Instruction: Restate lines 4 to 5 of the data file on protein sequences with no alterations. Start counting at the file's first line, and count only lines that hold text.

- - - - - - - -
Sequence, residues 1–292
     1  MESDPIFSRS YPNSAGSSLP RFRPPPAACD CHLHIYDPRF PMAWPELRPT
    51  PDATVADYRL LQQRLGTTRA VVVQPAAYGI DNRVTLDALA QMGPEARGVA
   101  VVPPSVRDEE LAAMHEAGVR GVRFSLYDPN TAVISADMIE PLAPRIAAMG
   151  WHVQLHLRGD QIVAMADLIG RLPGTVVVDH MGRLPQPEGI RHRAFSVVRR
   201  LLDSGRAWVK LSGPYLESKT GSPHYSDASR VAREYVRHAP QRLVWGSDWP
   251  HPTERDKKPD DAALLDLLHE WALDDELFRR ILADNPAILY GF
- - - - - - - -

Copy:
   101  VVPPSVRDEE LAAMHEAGVR GVRFSLYDPN TAVISADMIE PLAPRIAAMG
   151  WHVQLHLRGD QIVAMADLIG RLPGTVVVDH MGRLPQPEGI RHRAFSVVRR